22. (v) Our traditional shared concern for sanctification has been a source of strength, but we have sometimes (especially where we have been an extra establishment minority) shared also a tendency, contrary to our true traditions, to understand regeneration largely as the new birth of the individual. Thus sanctification has been thought of as limited to the work of the Holy Spirit in the individual life. While maintaining the fundamental importance of personal spirituality, we need to explore the fullest implications of the biblical view of salvation as new creation, so that sanctification will be seen to include the fulfilment of God’s purpose for the whole created order and we shall hear the call to witness together to the responsibility of mankind for the earth which is God’s good creation.
23. Looking outward in this way we must be sensitive to the riches in other living faiths. Even unbelief challenges us to purify our faith. Especially we must be sensitive to the possibilities of preparatio evangelica in the searchings and aspirations of our contemporaries, while recognizing the essential ambiguity of many social, cultural) and ideological movements. A real sensitivity to the gospel and to the world will enable us to be true to our aim as Christians: to help people towards a living faith in Christ within their own society and culture, and not to offer a way of thinking and living as Christians belonging only to our own society. It is essential that above all, our own way of life must reflect faithfully the gospel which we preach. Where it does not, our credibility as Christians is seriously challenged.
24. (vi) If we are to be taken seriously, we must ourselves take seriously the call to unity. Our present series of conversations began with a Call to joint Action - "What can Roman Catholics and Methodists do together?" The discernment of common traditions and concerns by a few does not of itself produce joint action on any significant scale. Our people must share the discernment as part of their own Christian commitment which they must see as pointing to unity not division. Catholics might well reflect that Methodism has had from the beginning structural possibilities for healthy and expanding lay participation in evangelism, and be prepared to learn much from this tradition. Methodists, on the other hand, might well feel that concern for lay involvement has most recently been more manifest among Catholics, and this could well be a matter for consultation and further cooperation between us.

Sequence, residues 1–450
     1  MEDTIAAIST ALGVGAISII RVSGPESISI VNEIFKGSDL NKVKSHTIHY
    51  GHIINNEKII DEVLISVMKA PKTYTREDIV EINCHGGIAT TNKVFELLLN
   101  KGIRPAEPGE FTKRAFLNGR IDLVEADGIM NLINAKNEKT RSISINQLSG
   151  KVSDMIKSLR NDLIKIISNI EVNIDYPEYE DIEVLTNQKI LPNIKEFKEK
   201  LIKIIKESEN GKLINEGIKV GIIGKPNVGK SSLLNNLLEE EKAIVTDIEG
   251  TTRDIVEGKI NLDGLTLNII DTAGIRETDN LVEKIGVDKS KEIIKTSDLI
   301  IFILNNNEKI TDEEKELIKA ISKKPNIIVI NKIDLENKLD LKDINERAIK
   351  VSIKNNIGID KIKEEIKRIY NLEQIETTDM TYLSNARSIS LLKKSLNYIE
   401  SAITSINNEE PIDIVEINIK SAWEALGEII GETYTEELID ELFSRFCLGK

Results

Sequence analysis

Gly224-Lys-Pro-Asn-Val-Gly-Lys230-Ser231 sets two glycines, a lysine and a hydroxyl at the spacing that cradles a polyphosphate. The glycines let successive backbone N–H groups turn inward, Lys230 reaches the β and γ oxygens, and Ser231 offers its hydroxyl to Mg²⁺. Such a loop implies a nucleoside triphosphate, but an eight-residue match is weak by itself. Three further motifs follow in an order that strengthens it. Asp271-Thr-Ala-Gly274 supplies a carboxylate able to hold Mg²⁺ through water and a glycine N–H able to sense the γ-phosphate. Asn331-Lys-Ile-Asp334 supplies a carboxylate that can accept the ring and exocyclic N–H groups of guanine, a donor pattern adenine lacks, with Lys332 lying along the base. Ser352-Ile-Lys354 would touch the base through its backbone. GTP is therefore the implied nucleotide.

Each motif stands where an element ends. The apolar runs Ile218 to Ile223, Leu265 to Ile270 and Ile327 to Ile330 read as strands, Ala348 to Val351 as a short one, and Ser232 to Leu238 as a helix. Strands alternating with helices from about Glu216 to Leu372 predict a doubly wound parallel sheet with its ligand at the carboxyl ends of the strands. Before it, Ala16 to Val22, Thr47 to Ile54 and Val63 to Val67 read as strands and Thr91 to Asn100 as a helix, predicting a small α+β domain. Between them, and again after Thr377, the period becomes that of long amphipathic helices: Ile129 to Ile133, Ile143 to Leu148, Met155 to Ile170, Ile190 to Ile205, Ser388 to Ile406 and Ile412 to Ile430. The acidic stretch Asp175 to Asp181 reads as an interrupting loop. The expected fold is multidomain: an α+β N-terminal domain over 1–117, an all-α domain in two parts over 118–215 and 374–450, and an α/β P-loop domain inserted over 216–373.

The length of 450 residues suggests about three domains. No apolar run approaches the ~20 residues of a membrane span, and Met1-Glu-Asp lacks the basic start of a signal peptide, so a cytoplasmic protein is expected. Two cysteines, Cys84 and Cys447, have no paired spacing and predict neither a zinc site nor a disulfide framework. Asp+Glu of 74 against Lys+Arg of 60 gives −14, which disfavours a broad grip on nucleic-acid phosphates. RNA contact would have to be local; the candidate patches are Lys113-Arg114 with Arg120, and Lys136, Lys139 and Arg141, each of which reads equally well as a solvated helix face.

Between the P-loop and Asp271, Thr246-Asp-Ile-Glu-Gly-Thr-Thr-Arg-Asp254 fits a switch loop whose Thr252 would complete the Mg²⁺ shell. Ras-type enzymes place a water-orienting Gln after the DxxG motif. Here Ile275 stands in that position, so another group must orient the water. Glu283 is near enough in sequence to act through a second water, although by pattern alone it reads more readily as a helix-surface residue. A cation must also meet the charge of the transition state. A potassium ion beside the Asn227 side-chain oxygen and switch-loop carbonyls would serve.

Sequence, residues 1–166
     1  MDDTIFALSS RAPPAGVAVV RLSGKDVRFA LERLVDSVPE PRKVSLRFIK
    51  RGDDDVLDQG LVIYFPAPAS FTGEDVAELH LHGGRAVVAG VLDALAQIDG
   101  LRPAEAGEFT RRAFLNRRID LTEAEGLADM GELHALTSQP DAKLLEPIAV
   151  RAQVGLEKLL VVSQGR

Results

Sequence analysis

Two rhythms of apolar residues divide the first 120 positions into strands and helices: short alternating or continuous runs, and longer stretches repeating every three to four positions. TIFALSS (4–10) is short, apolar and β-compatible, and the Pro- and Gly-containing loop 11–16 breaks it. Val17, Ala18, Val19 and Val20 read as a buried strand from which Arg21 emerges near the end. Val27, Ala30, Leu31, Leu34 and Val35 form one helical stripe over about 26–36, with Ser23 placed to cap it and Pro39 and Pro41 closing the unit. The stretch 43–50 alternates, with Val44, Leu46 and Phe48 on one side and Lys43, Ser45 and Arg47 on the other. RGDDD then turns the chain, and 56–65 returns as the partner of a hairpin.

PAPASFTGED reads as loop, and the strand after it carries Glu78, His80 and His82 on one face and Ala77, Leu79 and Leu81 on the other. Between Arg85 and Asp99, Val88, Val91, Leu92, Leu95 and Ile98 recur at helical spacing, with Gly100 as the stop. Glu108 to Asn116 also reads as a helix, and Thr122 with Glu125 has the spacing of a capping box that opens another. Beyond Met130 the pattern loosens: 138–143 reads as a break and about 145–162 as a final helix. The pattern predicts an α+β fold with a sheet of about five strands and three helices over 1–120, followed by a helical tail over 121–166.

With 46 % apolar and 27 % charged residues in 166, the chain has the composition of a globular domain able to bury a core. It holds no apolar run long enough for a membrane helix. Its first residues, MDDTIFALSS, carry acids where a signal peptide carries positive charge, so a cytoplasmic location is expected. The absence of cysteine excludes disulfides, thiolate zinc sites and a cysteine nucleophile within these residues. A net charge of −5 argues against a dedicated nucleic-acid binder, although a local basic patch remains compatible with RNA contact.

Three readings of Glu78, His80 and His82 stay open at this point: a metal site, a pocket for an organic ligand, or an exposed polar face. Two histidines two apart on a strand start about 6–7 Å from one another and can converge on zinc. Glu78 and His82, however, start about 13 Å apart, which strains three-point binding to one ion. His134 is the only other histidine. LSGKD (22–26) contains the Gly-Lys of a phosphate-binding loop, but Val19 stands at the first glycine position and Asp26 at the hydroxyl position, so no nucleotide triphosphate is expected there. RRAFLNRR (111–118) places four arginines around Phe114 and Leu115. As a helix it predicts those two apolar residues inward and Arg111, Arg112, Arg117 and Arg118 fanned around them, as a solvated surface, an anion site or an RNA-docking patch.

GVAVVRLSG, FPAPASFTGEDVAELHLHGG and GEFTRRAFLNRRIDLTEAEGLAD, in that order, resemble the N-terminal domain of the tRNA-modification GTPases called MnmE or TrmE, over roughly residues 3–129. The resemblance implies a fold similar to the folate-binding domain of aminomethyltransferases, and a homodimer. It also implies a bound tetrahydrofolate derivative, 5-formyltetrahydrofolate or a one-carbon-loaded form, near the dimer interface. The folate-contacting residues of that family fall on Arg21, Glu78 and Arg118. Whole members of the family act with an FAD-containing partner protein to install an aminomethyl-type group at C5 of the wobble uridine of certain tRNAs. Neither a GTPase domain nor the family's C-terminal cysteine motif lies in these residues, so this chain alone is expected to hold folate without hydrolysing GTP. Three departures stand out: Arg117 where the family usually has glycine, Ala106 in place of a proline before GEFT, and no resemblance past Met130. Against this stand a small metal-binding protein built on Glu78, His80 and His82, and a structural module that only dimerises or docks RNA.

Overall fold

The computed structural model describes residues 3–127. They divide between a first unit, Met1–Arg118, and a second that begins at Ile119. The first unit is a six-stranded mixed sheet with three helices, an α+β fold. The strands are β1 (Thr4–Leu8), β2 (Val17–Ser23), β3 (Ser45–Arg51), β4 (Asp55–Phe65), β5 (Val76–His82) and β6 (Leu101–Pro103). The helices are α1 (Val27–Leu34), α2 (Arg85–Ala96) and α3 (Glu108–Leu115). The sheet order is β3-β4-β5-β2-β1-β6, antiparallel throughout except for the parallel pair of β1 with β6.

25. The tests of the seriousness of our joint concern about salvation and evangelization must be of the practical order pointed to in section VIII of the Denver Report and in the Call to Action of December 1972. These pointed to the need for "serious planning of the education of our churches" and the connected "vital question of communication". Since the Denver assembly we can point gratefully to growth in collaboration at national, regional and local levels, some of which has produced valuable contributions to the present report: there is room for wider and more generous response. We cannot repeat too often the last words of the "Call to Action" we made at our meeting in 1972: "We do not want merely to accumulate paper for our files, but we want to stimulate one another to common action, so that the world which is starving for lack of good news may not through our unnecessary divisions be prevented from receiving the food of the Gospel".
26. It has been recognized from the beginning of our dialogue that among the "more solid grounds for affinity" between our two traditions the first was "the central place held in both traditions by the ideal of personal sanctification, growth in holiness through daily life in Christ". This recognition was not voiced in any exclusive or pharisaical spirit, but simply as a fruit of our emergence from a long period of comparative estrangement. Hence section III of the Denver Report was based in the first place on the work of a sub-commission done in accordance with a careful brief given by the joint Commission as a whole.
27. Two or three points may be re-emphasized about this, perhaps the most mature section of the Denver Report:
28. It might be argued that the very first fruit of this practical-minded section was the address given by Cardinal Willebrands at Denver and so generously received there. It was a development of the theme of our shared tradition of concern for holiness which must find a leading place in any bibliography of this dialogue, and its influence on the second phase of our conversations is undoubted.
29. It may at first sight seem disappointing that in the present report we have no substantial addition of our own to offer to what was presented and said at Denver, but must rather point to several examples of work in progress. But the aim of Denver’s words was not simply to provoke more words, nor to boil down everything to committee language; the program offered at Denver - and it was offered not simply to the renewed Commission but to the two world-wide communities - was an exploratory program aimed at mutual enrichment. Spiritual richness like any other, lies partly in variety, and we were reminded at our Venice meeting that in the Catholic Church, however "monolithic" it may have seemed from some points of view, there is a long tradition of rich variety in spirituality - sometimes given institutional form in the various religious congregations, but as often manifesting itself in Christian living at the heart of "the world". Nor did Methodists repudiate the idea of such fruitful variety in their own tradition.